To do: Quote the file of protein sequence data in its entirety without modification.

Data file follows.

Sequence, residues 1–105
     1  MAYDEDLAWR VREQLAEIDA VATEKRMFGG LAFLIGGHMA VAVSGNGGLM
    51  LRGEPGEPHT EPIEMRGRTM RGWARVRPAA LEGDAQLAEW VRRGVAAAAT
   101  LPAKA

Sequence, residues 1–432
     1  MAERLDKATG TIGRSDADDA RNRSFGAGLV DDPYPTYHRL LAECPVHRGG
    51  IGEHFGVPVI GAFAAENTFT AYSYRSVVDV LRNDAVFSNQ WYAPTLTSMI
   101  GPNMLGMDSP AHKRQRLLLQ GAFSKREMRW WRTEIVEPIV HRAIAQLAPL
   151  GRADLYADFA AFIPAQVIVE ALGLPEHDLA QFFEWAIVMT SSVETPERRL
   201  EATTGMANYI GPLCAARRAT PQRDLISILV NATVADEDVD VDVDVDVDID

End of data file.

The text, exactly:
Sequence, residues 1–105
     1  MAYDEDLAWR VREQLAEIDA VATEKRMFGG LAFLIGGHMA VAVSGNGGLM
    51  LRGEPGEPHT EPIEMRGRTM RGWARVRPAA LEGDAQLAEW VRRGVAAAAT
   101  LPAKA

Sequence, residues 1–432
     1  MAERLDKATG TIGRSDADDA RNRSFGAGLV DDPYPTYHRL LAECPVHRGG
    51  IGEHFGVPVI GAFAAENTFT AYSYRSVVDV LRNDAVFSNQ WYAPTLTSMI
   101  GPNMLGMDSP AHKRQRLLLQ GAFSKREMRW WRTEIVEPIV HRAIAQLAPL
   151  GRADLYADFA AFIPAQVIVE ALGLPEHDLA QFFEWAIVMT SSVETPERRL
   201  EATTGMANYI GPLCAARRAT PQRDLISILV NATVADEDVD VDVDVDVDID